The leading rating agency Moody’s Investor Service just released a statement downgrading Sony’s debt rating to BA1 (Not Prime) from the previous BAAA3 (Prime 3) rating.
The new rating is explained as “Judged to have speculative elements and a significant credit risk.” BA1 is also the first level defined in industry lingo as “junk” status.
The official statement from Moody’s justifies the choice to downgrade the rating as follows:
The rating actions reflect Moody’s view that while Sony has made progress in its restructuring and benefits from continued profitability in several of its business segments, it still faces challenges to improve and stabilize its overall profitability and, in the near term, to achieve a profile that Moody’s views as consistent with an investment grade rating.
Of primary concern are the challenges facing the company’s TV and PC businesses, both of which face intense global competition, rapid changes in technology, and product obsolescence.
Sony’s profitability is likely to remain weak and volatile, as we expect the majority of its core consumer electronics businesses — such as TVs, mobile, digital cameras and personal computers — to continue to face significant downward earnings pressure.
The primary reason is intense competition and the shrinkage in demand, the result in turn of cannibalization caused by the rapid penetration of smartphones.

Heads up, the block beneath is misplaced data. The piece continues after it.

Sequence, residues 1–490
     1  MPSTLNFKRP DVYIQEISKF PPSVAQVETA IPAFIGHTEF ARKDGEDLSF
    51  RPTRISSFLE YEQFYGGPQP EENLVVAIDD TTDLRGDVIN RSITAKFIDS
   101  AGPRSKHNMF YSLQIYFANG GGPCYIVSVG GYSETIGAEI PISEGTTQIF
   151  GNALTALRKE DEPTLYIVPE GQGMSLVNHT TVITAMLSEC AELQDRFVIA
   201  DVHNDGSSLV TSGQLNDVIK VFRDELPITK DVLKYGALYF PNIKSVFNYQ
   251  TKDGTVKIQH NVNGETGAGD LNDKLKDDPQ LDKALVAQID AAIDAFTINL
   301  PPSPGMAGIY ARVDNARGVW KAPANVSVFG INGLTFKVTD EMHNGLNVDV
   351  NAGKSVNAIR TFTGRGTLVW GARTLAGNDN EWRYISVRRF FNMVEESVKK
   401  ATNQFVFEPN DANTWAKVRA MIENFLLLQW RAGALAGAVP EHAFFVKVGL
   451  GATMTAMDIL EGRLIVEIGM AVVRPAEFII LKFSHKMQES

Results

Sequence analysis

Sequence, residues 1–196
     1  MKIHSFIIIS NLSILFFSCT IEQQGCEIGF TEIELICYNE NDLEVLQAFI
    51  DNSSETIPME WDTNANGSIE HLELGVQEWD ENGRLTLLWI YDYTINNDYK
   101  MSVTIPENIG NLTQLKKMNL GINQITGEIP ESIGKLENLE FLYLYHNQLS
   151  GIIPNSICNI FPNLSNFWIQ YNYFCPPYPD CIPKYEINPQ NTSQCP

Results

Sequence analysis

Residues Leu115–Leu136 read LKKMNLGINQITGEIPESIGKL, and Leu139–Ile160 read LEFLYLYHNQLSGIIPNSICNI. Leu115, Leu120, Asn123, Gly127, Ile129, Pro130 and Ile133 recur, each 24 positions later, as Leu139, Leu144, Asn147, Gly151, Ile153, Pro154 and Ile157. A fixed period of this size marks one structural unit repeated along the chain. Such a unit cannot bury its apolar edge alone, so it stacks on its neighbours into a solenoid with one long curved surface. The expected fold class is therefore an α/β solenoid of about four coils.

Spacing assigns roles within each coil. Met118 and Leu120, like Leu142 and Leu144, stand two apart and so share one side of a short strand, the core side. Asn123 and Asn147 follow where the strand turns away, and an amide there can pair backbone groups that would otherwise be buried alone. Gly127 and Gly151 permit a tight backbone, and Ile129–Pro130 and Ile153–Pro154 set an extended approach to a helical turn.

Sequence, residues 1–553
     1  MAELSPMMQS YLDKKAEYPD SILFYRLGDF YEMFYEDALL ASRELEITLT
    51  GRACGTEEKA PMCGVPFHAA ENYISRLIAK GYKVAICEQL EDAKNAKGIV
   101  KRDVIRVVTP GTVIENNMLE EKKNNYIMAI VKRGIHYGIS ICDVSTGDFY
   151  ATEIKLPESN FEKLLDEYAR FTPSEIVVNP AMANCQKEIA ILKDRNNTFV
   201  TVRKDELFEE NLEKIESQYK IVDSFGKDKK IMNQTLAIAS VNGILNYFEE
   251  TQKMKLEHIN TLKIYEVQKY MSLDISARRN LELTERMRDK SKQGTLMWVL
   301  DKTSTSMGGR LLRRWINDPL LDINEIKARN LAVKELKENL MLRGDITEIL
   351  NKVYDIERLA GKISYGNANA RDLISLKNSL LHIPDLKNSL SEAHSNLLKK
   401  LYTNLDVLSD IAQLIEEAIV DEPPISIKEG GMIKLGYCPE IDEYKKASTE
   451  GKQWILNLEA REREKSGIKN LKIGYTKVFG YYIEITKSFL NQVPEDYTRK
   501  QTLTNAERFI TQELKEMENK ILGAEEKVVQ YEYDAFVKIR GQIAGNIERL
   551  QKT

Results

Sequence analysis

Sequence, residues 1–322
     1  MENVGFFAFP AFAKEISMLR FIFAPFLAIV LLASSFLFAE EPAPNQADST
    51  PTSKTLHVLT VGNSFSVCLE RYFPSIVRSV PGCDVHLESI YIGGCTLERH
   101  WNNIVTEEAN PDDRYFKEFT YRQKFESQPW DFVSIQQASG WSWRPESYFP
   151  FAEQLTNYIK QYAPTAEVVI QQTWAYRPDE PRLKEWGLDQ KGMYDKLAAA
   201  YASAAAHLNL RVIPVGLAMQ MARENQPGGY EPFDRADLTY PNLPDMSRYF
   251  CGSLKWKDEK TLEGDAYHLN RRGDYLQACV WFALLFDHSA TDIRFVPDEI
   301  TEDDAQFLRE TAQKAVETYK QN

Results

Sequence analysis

Despite that, there’s a glimpse of hope, even if it didn’t prove enough to save Sony from the downgrade, and that’s the PS4:
Profitability in the Games segment is expected to improve with the successful launch of PlayStation IV, but not to the extent seen with the profitability level in 2010.
The outlook is defined “stable,” meaning that Moody’s doesn’t predict the risk of a further downgrade in the near future or the immediate possibility of an upgrade:
The stable outlook is based on our expectations that the company’s overall credit profile will slowly improve. Operating margins are expected to remain in the 0.5% -1.0% range for the next 12 months. Adjusted Debt to EBITDA will decline over time but remain above 4.5x
I’m sure I’m not the only one that finds rather funny the fact that Moody’s called the PS4 “PlayStation IV,” but puns aside, we’ll have to see if Sony’s new console will manage to help the company fix its financial status, that has been in a rather bad shape for a while mainly due to other sectors of the business.